The biggest takeaway from the Congressional Budget Office's analysis of Senate Republicans' health-care bill is this: Twenty-two million more Americans would be uninsured by 2026 compared with Obamacare.
Let's put in perspective just how massive that figure is. Twenty-two million people is equal to the total population of 16 states.
It's also equal to the population of the seven largest U.S. cities: New York, Los Angeles, Chicago, Houston, Phoenix, Philadelphia and San Antonio. The uninsured rate is projected to nearly double over a decade, from 10 to 18 percent, according to the CBO.
That not only would reverse all the coverage gains made under the Affordable Care Act, but it also would leave more people uninsured than at the height of the Great Recession.
The CBO says the biggest driver of that change is the rollback of the Medicaid expansion. That, along with other cuts to Medicaid, would save the government nearly $800 billion over the next decade. But it would also leave 15 million more people uninsured who would have been enrolled in Medicaid otherwise.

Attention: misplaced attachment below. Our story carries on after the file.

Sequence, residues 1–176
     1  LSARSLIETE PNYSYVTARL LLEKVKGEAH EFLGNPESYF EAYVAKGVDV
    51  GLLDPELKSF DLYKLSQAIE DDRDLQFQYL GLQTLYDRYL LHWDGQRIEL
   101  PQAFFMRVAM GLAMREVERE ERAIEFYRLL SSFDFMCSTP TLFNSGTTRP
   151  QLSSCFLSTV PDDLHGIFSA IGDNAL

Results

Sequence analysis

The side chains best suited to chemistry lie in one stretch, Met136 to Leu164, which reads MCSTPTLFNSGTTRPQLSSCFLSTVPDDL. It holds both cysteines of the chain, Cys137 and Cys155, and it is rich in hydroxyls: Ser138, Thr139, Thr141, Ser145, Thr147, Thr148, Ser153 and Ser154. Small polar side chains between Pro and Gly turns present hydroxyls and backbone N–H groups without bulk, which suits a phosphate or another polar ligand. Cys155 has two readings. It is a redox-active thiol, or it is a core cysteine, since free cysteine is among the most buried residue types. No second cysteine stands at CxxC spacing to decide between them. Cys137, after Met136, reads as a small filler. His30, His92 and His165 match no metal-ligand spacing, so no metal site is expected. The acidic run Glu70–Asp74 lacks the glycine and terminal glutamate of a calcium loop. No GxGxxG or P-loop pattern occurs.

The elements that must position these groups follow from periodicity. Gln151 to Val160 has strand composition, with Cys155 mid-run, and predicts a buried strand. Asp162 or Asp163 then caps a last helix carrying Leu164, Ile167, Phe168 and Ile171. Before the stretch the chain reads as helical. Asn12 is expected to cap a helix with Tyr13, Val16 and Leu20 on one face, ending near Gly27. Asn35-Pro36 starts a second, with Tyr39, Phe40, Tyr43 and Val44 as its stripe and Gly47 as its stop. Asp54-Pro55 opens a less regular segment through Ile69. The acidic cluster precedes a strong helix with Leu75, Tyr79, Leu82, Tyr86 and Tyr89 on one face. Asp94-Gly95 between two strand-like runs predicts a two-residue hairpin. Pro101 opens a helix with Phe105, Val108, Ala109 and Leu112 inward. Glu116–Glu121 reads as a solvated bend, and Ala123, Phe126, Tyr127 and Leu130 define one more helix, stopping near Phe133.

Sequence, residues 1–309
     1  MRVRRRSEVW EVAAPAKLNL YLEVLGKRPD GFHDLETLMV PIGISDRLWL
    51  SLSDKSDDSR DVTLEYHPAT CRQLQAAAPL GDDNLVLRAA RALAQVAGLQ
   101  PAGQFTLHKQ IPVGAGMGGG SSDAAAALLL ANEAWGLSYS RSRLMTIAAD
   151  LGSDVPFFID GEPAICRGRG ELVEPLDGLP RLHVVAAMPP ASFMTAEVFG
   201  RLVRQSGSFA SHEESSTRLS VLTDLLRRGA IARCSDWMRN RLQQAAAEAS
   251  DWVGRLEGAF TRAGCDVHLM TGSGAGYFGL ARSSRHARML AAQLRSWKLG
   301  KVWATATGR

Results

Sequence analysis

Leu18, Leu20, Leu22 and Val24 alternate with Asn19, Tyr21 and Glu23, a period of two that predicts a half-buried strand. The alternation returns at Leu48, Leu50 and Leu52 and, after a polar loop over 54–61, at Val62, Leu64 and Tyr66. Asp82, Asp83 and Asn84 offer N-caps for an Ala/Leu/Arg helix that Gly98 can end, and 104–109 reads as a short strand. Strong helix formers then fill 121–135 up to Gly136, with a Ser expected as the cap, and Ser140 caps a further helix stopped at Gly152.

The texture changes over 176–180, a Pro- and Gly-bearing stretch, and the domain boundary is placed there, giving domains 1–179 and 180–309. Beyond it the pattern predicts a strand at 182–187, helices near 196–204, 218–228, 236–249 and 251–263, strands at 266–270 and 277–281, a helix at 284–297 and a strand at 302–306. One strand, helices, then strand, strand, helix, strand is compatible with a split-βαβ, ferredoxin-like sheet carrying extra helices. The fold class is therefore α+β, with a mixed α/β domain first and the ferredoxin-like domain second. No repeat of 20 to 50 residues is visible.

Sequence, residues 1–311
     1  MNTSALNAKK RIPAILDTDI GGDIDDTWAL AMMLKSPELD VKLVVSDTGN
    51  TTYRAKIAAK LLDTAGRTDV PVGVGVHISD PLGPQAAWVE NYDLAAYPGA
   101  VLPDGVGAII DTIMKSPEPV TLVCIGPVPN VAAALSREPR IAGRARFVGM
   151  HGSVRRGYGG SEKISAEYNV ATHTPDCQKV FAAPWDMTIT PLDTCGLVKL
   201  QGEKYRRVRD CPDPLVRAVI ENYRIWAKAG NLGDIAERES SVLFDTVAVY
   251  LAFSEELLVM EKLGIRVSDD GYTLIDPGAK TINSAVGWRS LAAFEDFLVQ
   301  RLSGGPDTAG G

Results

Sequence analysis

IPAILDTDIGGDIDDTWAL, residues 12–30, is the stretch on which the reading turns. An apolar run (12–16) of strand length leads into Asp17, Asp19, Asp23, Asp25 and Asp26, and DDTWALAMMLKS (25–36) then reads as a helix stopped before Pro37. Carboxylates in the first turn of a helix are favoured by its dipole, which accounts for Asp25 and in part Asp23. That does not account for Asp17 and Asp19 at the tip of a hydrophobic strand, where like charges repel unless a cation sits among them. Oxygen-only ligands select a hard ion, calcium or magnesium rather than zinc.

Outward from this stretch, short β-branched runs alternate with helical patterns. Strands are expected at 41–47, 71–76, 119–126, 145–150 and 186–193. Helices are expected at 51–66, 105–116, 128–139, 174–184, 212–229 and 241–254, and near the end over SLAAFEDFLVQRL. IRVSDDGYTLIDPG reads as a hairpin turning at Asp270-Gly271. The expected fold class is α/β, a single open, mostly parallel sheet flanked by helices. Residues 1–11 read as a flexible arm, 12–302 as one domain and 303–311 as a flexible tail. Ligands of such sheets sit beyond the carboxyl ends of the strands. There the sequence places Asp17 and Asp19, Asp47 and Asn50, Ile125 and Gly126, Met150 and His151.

The rest of the coverage loss — 7 million people — would come from changes made to the Obamacare marketplaces that are expected to make costs spike, especially for lower- and moderate-income people and older enrollees. For a 64-year-old making $26,500 per year, for instance, premiums would nearly quadruple.
But even for people who can still afford coverage, there's bad news: Their insurance would become less comprehensive. And in 2020, when the federal government cuts off cost-sharing subsidies for low-income people, the value of their health insurance plans will fall even further.
At this point, it’s unclear whether the Senate GOP’s bill will pass. Republicans will need almost all of their members to support it, but several senators have already expressed concern or outright opposition. A vote was expected Thursday, but was then pushed back until after the Senate's July 4th recess.